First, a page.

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I was so sleepy that I wrote the following code (modified to just show the confusion):

fac s = take 10 [s, s `mod` 1 ..]

maxFactor x = if (s == [])
              then x
              else head    <-- this should be 'head x' instead of just 'head'
  where s = fac x

However, this load into ghci (and compiles) just fine. When I executed maxFactor 1, it complains (of course):

    No instance for (Integral ([a0] -> a0))
      arising from a use of `maxFactor'
    Possible fix:
      add an instance declaration for (Integral ([a0] -> a0))
    In the expression: maxFactor 1
    In an equation for `it': it = maxFactor 1

    No instance for (Num ([a0] -> a0))
      arising from the literal `1'
    Possible fix: add an instance declaration for (Num ([a0] -> a0))
    In the first argument of `maxFactor', namely `1'
    In the expression: maxFactor 1
    In an equation for `it': it = maxFactor 1

However, I don't understand this behavior:

fac's type is:

fac :: Integral a => a -> [a]

while maxFactor's type is:

maxFactor :: Integral ([a] -> a) => ([a] -> a) -> [a] -> a

Doesn't this mean the following:

  1. the first input to fac must be of typeclass Integral (e.g., fac 10);
  2. since in the definition of maxFactor, there is fac x, x must also be of typeclass Integral, thus, maxFactor's type would be begin with something like maxFactor :: (Integral a) => a ->... then something else? However, if that is the case, then why this code compiles since the return of maxFactor can be x or head, which when following this line of reasoning, does not have the same type?

What am I missing here?

Thanks for any inputs in advance!

share|improve this question
This kind of issue can arise in a much simpler manner. I suspect (but I am no expert) that it can happen whenever the type checker cannot reduce an expression sufficiently. For instance, foo x = 1 + x; bar = foo head -- will fail, but foo x = 1 + x; bar x = foo head -- will compile. – Sarah Apr 10 '12 at 16:02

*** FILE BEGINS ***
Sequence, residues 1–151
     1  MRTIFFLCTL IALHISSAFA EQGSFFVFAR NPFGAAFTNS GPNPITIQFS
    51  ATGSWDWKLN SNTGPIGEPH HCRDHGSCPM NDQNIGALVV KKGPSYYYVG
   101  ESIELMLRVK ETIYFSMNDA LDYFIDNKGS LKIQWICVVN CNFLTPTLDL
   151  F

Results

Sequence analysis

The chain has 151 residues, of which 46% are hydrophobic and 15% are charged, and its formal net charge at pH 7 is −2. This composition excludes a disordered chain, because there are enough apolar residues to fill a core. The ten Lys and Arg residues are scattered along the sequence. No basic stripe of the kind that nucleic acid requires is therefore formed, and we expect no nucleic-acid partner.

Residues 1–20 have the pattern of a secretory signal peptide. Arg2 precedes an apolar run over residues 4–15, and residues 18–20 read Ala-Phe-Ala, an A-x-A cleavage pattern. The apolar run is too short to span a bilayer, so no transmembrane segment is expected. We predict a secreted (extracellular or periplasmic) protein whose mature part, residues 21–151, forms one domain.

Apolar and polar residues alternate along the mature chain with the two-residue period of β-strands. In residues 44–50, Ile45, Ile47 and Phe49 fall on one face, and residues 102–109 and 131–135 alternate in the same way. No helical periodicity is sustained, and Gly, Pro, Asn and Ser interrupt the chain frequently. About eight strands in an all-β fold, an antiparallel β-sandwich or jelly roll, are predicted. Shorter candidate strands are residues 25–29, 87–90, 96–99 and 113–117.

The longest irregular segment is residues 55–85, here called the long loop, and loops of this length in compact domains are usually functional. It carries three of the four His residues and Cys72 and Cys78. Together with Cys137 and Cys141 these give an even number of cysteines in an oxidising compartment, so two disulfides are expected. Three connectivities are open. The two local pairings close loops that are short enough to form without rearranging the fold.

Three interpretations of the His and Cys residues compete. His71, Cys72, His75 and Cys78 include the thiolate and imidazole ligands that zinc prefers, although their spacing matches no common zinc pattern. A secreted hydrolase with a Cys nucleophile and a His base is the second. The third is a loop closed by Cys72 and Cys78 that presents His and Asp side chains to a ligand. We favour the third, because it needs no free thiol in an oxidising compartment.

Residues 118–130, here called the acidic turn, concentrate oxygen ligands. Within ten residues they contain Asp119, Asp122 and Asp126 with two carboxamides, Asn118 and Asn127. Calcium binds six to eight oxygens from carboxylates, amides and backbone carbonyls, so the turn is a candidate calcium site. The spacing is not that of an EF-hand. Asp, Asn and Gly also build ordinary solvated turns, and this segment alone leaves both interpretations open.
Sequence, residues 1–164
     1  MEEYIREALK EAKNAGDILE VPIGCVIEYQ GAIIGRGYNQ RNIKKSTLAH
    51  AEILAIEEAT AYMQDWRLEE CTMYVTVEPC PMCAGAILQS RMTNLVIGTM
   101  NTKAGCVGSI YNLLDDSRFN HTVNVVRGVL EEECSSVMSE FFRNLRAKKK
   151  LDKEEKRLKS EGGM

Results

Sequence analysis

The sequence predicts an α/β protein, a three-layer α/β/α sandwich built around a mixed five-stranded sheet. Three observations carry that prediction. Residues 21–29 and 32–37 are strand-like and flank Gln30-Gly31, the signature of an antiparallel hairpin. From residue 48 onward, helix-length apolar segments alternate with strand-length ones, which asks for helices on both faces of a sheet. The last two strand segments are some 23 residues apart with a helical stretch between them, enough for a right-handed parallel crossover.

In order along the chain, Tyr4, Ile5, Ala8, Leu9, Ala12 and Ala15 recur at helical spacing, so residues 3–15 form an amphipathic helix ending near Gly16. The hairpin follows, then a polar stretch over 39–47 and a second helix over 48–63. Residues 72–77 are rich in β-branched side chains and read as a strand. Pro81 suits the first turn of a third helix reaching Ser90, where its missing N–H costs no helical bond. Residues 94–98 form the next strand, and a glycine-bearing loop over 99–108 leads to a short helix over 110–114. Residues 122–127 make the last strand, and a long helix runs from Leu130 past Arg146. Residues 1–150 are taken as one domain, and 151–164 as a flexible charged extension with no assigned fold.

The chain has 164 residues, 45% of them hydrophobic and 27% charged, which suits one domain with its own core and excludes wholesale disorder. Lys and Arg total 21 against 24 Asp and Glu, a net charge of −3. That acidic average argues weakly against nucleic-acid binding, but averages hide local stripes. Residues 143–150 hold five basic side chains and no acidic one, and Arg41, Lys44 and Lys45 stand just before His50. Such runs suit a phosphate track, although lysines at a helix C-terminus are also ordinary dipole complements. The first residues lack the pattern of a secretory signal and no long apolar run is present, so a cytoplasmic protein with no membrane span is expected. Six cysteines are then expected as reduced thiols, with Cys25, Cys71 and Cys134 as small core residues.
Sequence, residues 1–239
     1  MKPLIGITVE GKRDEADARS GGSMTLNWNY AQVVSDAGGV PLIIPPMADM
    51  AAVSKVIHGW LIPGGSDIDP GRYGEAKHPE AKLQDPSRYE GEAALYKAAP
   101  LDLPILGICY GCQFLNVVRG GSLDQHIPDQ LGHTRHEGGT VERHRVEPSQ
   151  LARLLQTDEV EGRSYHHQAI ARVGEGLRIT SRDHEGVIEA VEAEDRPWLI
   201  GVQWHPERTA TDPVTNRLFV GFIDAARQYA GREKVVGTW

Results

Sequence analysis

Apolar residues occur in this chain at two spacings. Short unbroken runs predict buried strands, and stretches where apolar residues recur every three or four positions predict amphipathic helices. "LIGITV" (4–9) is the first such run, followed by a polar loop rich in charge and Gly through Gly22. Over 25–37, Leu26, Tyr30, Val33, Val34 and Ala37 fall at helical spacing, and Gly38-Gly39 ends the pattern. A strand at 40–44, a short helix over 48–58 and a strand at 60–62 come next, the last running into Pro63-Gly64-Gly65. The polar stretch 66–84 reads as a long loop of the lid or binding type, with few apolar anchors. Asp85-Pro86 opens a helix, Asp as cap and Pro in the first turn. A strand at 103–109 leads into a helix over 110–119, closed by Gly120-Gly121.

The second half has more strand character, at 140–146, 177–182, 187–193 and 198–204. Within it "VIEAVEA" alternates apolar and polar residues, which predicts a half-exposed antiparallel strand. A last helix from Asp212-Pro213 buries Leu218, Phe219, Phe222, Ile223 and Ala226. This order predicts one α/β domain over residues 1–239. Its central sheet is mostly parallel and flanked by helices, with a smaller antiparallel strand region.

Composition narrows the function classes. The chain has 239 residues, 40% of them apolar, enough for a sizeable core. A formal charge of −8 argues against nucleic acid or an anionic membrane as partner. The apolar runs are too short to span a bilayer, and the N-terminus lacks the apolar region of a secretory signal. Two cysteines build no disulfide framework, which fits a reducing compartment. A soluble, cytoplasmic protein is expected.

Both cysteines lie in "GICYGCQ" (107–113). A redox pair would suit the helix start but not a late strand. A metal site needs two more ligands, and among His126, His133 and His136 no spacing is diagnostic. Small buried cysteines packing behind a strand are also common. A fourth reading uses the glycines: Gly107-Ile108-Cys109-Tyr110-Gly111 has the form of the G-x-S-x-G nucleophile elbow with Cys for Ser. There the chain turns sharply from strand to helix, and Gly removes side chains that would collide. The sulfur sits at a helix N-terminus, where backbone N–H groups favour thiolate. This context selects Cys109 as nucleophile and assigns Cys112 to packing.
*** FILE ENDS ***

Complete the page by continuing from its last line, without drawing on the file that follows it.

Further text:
@Sarah: The example you provide doesn't typecheck because of monomorphism restriction; if you add pragma, it typechecks (there's subtle problem though: GHCi infers type Num ([a] → a) ⇒ [a] → a and you cannot declare bar with this type, you'd need FlexibleContexts for that). – Vitus Apr 10 '12 at 19:19
For what it's worth, if you compile with -Wall (or add that to your default ghci options, so that ghci "compiles" with -Wall) you'll get a warning because you didn't put a type signature on maxFactor. Then, presumably, you'll write maxFactor :: Integral a => a -> a and it will fail to compile. – MatrixFrog Apr 11 '12 at 7:02
up vote 8 down vote accepted

in maxFactor the compiler infers that the function argument x necessarily has the same type as head (in your if clause). Since you also call fac on x (which in turn calls mod) it infers that x is also some Integral class type. Consequently, the compiler infers the type

maxFactor :: Integral ([a] -> a) => ([a] -> a) -> [a] -> a

that takes some head-like and integer-like argument... which is unlikely to be a real thing.

I think the fact that you can load that code into GHCi is more a quirk of the interpreter. If you were just compiling the code above, it would fail.

Edit: I guess the issue is that the type checker can make sense of your code, however there probably isn't any sensible way to use it.

share|improve this answer
Actually it could compile (My version is 7.2.1) :( Is this a bug in GHC now? I wonder... But still, thanks! – Ziyao Wei Apr 10 '12 at 15:55
@ZiyaoWei not if you try to add those inferred type declarations. – soulcheck Apr 10 '12 at 15:57
@ZiyaoWei: It's not a bug. GHC can't know there will never be a function [a]->a that is an instance of Integral. – leftaroundabout Apr 10 '12 at 15:57
Looks fishy to me, too. Of course, you could never actually use it in your compiled program. – Sarah Apr 10 '12 at 15:57
@ZiyaoWei If you want a function to be of class Integral just do it: instance Integral ([a]->a) (you'll need FlexibleInstances to compile it). You'll also have to make it and instance of Num. Exactly what you want the methods to do, well, I'll leave that to you. – augustss Apr 10 '12 at 16:14

As you've noticed correctly, the use of function fac inside of maxFactor adds a Integral a constraint on the type of x. So x needs to be of type Integral a => a.

In addition, the compiler sees that maxFactor either returns head, which has type [a]->a or x. Therefore x must have the more specific type Integral ([a]->a) => ([a]->a), and so maxFactor has type

maxFactor :: Integral ([a] -> a) => ([a] -> a) -> ([a] -> a)

which is exactly what you got. There's nothing "wrong" with this definition so far. If you managed to write an instance of Integral type ([a]->a) you could invoke maxFactor without problem. (Obviously maxFactor wouldn't work as expected.)

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